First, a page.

little boy tired of reading

MRI studies have shown that there are brain differences in students with learning disabilities. These studies have found that the brain area involving matching sounds and letters is compromised in children with learning disorders. Also, FMRI studies show that frontal brain regions are important for high fluency levels in reading. More fluent readers have more active frontal regions of the brain than children with learning problems. Children with learning problems often show more activity in other parts of the brain while reading than others, like the parietal and occipital lobes.

There is a lot of evidence to suggest that people with learning disabilities actually have average or above average intelligence. In a study done on 415 adolescents that were learning disabled, results showed that 43 of theses adolescents had an IQ score of 120 or higher. There is usually a large discrepancy between their ability and their achievement. Studies indicate that as many as 33% of individual with learning disabilities are gifted. A study done at Yale University found that in individuals with dyslexia, IQ and reading ability did not correlate. Dyslexic individuals with high IQ often had a slow reading pace. So, as you can see, these studies support the idea that learning disabilities and IQ are separate in nature and one does not tell you something about the other.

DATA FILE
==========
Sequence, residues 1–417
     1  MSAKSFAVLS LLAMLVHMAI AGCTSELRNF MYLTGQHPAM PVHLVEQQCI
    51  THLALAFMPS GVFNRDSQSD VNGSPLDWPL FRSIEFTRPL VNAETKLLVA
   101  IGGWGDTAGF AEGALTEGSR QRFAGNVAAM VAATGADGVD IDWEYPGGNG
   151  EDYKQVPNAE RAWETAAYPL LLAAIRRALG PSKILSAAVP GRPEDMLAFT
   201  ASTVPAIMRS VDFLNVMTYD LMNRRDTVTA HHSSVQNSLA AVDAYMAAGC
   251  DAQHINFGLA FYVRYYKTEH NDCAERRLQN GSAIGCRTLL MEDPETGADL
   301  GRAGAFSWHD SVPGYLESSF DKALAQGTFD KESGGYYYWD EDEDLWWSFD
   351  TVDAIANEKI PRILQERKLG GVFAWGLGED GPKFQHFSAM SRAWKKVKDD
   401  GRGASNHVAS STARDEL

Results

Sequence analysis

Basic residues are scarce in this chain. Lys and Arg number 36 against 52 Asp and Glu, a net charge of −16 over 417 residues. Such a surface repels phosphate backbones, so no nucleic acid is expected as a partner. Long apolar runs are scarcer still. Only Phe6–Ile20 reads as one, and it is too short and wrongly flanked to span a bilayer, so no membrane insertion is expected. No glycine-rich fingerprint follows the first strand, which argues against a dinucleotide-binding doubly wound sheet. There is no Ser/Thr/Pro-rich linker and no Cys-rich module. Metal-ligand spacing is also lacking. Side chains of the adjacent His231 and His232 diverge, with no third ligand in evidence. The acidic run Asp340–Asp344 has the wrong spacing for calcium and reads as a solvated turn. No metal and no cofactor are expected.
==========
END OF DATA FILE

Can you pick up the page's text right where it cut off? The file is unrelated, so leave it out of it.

IQReading_web

The most important information to take away form this is to debunk the myth that learning disabilities of any kind or attentional problems such as ADHD mean you are stupid or lazy by any means. Teachers and students need to be understanding of students who may not process and learn information the way that everyone else does. They also should understand that just because someone is struggling with school doesn’t mean they are stupid or are not trying. Having a learning disability shouldn’t stop anyone from achieving their goals. People with these disabilities have a high capacity for knowledge and should not let certain learning problems interfere. In reality, with hard work, any student with these disabilities can succeed.

smile book

Sources:

http://www.helpguide.org/articles/learning-disabilities/learning-disabilities-and-disorders.html

http://www.ncbi.nlm.nih.gov/pubmed/6833499

http://dyslexia.yale.edu/Research_IQReading.html

http://www.apa.org/education/k12/brain-function.aspx

http://www.ldonline.org/ldbasics/whatisld

http://www.ist.hawaii.edu/training/hiddendisabilities/15_common_myths.php

Mindfulness Meditation May Boost Your Test Scores!